F.R. Stockwell was a British officer of the old school, the grandfather of a friend of mine who writes historical crime novels. Stockwell had a wonderful maxim about political meetings:
Decide before you have a meeting whether it is meant to achieve anything substantive. If it isn’t, hold it in a good hotel. If it is, hold it in the desert, at noon, with no shade, and nowhere to sit.
I thought of the old soldier last week as I read about the pricey meeting-that-never-was between Bougainville and Papua New Guinea leaders in Port Moresby.
Dozens of Bougainville leaders travelled for a proposed meeting of the Joint Supervisory Body (JSB). As well as Bougainville President Ishmael Toroama, the delegation included the other 13 members of his cabinet, department heads, heads of parliamentary committees, a “technical” team, a “consultation” team, a media team, a protocol team, logistics and support staff and “close protection officers”.
Paying for costs of meetings is easy. It’s much harder to find the currency that nudges the development of ideas and proposals.
Between the hiring of a plane, vehicles and nights at the Holiday Inn in Port Moresby, the cost of this jaunt alone must have easily run to many thousands. (The United Nations provided part of the costs through their post-referendum project.) That’s a hefty sum for a region which brings in less than $2 million per year and where travel between the region’s two main towns is fraught because of a downed bridge.
And all for naught. The meeting was cancelled after they arrived. Papua New Guinea’s leaders are distracted over cases before the Supreme Court and divided into two rival political camps, one of which has been struck down by Covid-19.
The Bougainville delegation hung around Port Moresby for a week. “Technical officers” from the two governments held a short meeting in the hotel’s ballroom one day. The delegation will leave with nothing more than a top-up of hotel rewards points and hoping no virus comes home with them. Good news for airline companies and the hoteliers of Port Moresby, but few others. “The deferral … is a reflection of so much inconsistency and lack of real commitment from the PNG government to engage,” says Joseph Watawi, long-time Bougainville politician currently with the “consultation team”.
The JSB was conceived as a modest technical body, overseeing implementation of the Bougainville Peace Agreement, preparing legislation and resolving disputes. It has grown into a large and expensive jamboree over time. While better than nothing, it’s not terribly effective. Many issues get punted from one meeting to the next, with public servants instructed to go work on issues and report back with solutions. Such activity rarely happens.
Many hardy perennials were on this agenda too: transferring additional governmental powers, reaching agreement on financial arrears that the Bougainville government claims have been owed them, developing a formula for fisheries revenue-sharing, an economic summit.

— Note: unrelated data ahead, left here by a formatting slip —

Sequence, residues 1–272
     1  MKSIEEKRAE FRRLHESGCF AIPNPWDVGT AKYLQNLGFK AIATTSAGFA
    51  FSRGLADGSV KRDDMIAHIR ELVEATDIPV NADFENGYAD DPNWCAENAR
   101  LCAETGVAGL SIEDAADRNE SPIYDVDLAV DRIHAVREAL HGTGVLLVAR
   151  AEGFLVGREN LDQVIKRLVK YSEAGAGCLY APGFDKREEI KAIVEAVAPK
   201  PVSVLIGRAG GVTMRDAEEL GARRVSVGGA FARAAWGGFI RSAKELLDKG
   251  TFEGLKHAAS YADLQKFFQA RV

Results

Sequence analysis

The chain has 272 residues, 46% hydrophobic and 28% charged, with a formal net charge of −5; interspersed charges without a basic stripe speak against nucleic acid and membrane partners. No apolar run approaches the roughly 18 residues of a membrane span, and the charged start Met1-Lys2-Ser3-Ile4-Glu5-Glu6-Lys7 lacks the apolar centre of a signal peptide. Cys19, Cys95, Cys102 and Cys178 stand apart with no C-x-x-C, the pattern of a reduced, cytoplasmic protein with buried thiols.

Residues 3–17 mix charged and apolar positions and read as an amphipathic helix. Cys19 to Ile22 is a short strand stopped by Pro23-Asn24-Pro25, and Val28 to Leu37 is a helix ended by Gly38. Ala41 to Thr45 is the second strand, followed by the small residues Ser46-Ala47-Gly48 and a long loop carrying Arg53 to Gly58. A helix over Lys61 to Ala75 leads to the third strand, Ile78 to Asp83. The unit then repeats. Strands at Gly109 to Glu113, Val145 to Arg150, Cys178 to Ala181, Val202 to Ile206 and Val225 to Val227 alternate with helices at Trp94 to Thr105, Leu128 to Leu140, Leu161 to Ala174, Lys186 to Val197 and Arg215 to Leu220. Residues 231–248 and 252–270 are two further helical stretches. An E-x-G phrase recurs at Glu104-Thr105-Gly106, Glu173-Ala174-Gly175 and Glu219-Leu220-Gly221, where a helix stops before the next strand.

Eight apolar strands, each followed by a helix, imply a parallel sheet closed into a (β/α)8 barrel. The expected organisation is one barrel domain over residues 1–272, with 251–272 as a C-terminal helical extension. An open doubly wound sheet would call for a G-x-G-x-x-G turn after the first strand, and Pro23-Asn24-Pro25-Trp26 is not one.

One of the problems of actually progressing these issues is that these issues are complex, too much for two thinly-staffed government bureaucracies where capacity issues within have been raised time and time again.
If the governments have problems resolving these issues, then the challenges of negotiating detailed new political arrangements seem insurmountable. Last December, 97.7% of Bougainvilleans chose to break away from Papua New Guinea. As per the Peace Agreement and constitutional laws that implement it, the result was non-binding. The next step was for the two governments to consult and bring results of that consultation to the parliament of Papua New Guinea for final decision. Nothing much has happened.
Proposed agenda items around the referendum were process-oriented rather than substantial: format of the consultation, who was going to be doing the consulting, would there be a secretariat to support the work, would there be a moderator (Chair of the Bougainville Referendum Commission and former Taoiseach of Ireland Bertie Ahern is pencilled in for the role, but what it entails is unclear). These issues are important, but for all the highfalutin titles, no issues of substance have been proposed, no detailed position papers drafted for discussion. Focusing on formal structures can trump what needs to be discussed within them.
The experience shows also how difficult it is for supporters of the post-referendum process to monetise effective dispute resolution. The United Nations, which has a storied history on Bougainville, has taken on the role, while most neighbouring countries are sitting on their hands.
Paying for costs of meetings is easy. It’s much harder to find the currency that nudges the development of ideas and proposals, that can develop the critical thinking skills required to grapple with the composite details of a project of this magnitude. Such support is more difficult, time-consuming, unglamorous. Also difficult is how to address rusted-on notions that negotiations must occur in large set-piece gatherings that necessitate expensive travel. And let’s not get into the question whether, in realpolitik terms, many states may be happy to let the process flop around as is.
“I personally think … Australia must be prepared to offer necessary intervention in the same way as they did during the negotiations [before the Peace Agreement in 2001]”, avers Watawi via WhatsApp. But will they want to? Would any other country?
There are tentative plans for a rescheduled meeting in a fortnight’s time. Going on this experience, it might be shrewd to plan a Zoom meeting, the modern-day equivalent of Stockwell’s noonday meeting in the desert. It’d cut costs and gauge also the seriousness of getting down to business.
Lead photo courtesy Flickr user Jeremy Weate